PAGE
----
• 2)Writing a good first draft
  • Once you have gotten good meeting your deadlines, start focusing on making the first draft someone good. An example will help you know what I mean. Most of my first drafts suck, to the point where I need to rewrite majority of the whole draft. I have treated my first drafts as get the damn story out. I always will, but I am not going back and editing what I wrote the day before to make it so there is less work to do in the second.


Defined: You can work within a deadline, note have to rewrite the whole story from scratch in the second draft, write every day, and found your word count goal.

  • 1)One Novel
  • Work on one novel at a time. This is my problem I have so many damn projects in the works, I sometimes jump from one to another and never get really anything done on any of them.
  • 2)Feedback is Key
  • You need feedback to improve, and not feedback from ass kissers. You need people who will tell you’re your writing sucks if it sucks, and it is good if it is good. Chances are you will have areas that need work and others that won’t. The best people who to read your work will be honest, tell what needs to be fixed, and how to fix it. Well, maybe not everyone will be able to help you with that last one. Other writers will.
  • 3)Know when hold them and when to fold them.
  • With feedback, especially from other writers, they will give you thoughts on how to fix issues on how they would fix them. You will need to learn how to know when one of your ideas is just not working and give up on it and find something else, and vise versa, know when to hold on to one even when everyone else is saying it doesn’t. This will form over time, and always, take any advance on changes from other writers and make it work for you.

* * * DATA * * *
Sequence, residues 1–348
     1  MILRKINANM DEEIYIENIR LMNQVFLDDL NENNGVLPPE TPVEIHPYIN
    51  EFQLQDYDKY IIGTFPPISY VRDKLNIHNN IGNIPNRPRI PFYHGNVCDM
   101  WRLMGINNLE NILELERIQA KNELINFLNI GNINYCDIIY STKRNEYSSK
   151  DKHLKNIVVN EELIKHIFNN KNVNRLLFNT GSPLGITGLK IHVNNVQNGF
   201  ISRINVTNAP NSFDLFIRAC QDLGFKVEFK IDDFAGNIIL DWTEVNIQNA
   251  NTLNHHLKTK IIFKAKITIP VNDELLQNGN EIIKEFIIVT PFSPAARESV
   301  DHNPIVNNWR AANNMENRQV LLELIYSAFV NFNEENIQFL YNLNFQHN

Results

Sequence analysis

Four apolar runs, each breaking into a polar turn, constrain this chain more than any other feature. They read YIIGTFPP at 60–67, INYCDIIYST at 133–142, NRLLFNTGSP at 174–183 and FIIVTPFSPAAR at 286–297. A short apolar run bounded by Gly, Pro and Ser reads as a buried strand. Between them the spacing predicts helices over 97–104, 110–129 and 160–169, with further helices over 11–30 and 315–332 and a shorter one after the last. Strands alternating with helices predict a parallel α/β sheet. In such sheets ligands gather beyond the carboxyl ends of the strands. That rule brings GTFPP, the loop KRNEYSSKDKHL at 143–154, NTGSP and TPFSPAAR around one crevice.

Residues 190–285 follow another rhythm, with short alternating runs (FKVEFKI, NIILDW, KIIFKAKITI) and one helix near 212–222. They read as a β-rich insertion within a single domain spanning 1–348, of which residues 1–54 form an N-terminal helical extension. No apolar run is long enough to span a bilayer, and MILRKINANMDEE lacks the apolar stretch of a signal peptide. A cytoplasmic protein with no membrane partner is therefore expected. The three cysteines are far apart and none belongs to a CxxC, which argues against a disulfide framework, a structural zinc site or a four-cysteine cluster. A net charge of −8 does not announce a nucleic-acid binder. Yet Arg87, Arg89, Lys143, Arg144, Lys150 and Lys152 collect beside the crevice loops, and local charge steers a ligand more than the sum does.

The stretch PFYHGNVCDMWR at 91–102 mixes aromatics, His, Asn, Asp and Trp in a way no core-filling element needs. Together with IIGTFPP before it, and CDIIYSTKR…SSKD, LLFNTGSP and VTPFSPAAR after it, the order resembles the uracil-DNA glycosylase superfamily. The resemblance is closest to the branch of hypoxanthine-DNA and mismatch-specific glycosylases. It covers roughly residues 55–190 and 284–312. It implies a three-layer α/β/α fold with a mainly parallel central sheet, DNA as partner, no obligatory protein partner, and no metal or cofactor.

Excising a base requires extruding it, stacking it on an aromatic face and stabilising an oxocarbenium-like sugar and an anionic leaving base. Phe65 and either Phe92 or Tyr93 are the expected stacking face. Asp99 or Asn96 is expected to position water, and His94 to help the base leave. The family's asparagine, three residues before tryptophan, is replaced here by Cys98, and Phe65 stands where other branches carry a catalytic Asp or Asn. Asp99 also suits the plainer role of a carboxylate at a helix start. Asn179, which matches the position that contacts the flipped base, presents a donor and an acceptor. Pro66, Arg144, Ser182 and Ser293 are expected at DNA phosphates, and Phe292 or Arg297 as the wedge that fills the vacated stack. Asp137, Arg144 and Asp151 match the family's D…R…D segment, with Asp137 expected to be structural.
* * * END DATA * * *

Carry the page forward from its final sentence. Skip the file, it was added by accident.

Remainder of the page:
• 4)Know when to call a quits
  • This is not quit writing, it is when to quit on a novel. You can only work on a novel for so long before nothing you can do will make it better. Sometimes you just need to toss the damn manuscript into a file cabinet and forget about it for a few years while you work on something else. Moving on to another Novel doesn’t mean you cant’ come back to it in a few years when you will have fresh eyes again.

I don’t think people need a definition for this, another name for it could be author, but not required. Usually, advance you are either on your way to getting published, have published one or more novels, either self-published or by a publisher. These days, it really doesn’t matter; you have something out there for people to buy. What can I say to people who fall into this level? Not much, since I am not here, but I am going to try.

    • 1)Switch it up
    • Instead of just writing what you always write, let’s say Fantasy stories for elementary school kids. Try something else, like writing for young adults, or sci-fi for child. You may have to learn more about your new readers or genre before you write. Will help you grow in a new area.
    • 2)POV
    • Go from writing in third person to first, or first person to third. About going from writing in one character POV to having many characters POV. It will help you know more about your characters and how see the other.
    • 3)Genre
    • Kind of suggested this in the first one, but I’ll say it again. Change up your genre, especially if you are having trouble writing the same genre you have always written. Writing something different could breath new life and take you to a new level, also it requires learning about that genre.

That is all for my suggestions, hoped they helped. I hoped you enjoyed my post on New Years Resolutions. In the next week or so I will be posting my writing goals for the year, so check back for those.